In this article, several of the Innovative Practices of the Zero Project 2016 are described that create an excellent start into the open labour market.
Creating real jobs in bakeries
A bakery in Upper Austria and and the non-profit organization Caritas have organized Backma’s, a project that provides vocational on-the-job training for adolescents with disabilities. Under the supervision of mentors, the apprentices acquire practical skills in the production of pastries in a full-fledged working bakery in Linz so that they are then able to find employment in the open labour market.
25 apprenticeship places in total have been provided until the end of 2015, and most of them found a job right after finishing the training.
Because of the success of the project, there is a plan to transfer the concept internationally. Furthermore, the Linz bakery has designed a special energy-efficient oven that operates without electricity and gas, which thus meets the needs of countries (especially low income countries) with high energy costs. Construction on a bakery in Senegal, for example, started in September 2015.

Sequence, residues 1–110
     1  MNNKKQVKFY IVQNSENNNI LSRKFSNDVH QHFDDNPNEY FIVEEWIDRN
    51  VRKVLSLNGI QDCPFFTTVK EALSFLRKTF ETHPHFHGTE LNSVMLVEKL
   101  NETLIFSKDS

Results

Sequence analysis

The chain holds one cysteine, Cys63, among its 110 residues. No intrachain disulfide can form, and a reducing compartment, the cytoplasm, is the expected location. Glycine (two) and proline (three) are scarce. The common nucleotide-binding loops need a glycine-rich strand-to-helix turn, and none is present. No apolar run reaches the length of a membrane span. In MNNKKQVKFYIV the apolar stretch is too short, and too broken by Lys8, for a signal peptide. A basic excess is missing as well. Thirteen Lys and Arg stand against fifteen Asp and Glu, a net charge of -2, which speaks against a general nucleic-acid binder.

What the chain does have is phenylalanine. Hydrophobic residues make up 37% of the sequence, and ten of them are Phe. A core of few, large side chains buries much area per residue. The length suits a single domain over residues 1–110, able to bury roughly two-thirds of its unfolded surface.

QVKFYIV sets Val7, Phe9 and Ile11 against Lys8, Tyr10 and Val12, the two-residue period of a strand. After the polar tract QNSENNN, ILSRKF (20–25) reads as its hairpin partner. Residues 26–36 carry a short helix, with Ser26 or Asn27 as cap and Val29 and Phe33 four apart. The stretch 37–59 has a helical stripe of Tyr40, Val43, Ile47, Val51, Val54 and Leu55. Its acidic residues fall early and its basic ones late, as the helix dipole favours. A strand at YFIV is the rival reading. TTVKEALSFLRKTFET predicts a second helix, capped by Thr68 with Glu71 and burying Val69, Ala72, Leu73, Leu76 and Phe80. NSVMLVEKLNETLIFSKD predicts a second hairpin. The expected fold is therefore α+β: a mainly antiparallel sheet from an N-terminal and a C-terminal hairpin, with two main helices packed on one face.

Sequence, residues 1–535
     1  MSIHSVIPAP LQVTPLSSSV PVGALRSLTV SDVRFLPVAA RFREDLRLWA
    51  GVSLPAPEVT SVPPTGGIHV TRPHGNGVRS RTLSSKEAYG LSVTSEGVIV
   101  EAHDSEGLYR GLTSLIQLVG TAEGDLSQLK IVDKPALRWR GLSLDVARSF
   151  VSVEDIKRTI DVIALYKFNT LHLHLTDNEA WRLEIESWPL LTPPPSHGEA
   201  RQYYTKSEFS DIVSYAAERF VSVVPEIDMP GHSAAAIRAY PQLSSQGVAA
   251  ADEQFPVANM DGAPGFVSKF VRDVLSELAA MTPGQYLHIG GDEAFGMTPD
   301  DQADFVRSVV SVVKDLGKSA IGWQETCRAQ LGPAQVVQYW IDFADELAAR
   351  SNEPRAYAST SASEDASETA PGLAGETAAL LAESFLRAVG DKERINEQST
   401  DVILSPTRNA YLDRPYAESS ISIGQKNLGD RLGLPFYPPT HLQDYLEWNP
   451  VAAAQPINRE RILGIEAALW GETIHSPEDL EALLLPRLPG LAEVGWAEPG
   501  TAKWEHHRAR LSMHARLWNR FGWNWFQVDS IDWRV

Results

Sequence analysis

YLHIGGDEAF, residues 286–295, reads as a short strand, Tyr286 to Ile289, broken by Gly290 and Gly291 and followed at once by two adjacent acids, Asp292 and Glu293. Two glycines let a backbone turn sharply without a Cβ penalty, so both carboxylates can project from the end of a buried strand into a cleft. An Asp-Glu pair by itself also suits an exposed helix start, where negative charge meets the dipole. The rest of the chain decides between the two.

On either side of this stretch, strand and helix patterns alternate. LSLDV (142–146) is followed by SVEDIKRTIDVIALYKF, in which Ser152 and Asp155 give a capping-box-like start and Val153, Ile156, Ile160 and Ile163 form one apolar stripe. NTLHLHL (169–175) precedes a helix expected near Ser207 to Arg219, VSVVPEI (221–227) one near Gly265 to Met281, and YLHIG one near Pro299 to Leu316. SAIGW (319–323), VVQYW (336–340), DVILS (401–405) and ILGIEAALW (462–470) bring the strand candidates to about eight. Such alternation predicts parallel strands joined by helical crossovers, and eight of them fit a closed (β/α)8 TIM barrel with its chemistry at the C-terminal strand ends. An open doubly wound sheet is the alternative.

Simulating a supermarket
“At the Supermarket” is a simulated supermarket managed by young people with disabilities where they learn accounting, to speak foreign languages, and to draft a code of conduct. The project also includes guided visits to actual supermarkets and an internship. A second project, “Special Masterchef,” has been implemented with the collaboration of a local restaurant, whereby students with disabilities interact with nondisabled students in a working environment. Here, students with disabilities learn how to cook, serve, and prepare tables.
Jobs in kindergartens and elder care
People with learning difficulties use their IT knowledge to train senior citizens living in their neighbourhood. The concept has been developed by people with learning difficulties themselves and is implemented in the PIKSL laboratories in Düsseldorf. At the beginning of the eight-week courses (morning and afternoon sessions, participants pay a reasonable fee) for eight participants (two per teacher), the course content is jointly developed. Assistants of the PIKSL laboratories prepare the training sessions each day. The IT courses are action orientated with daily life examples.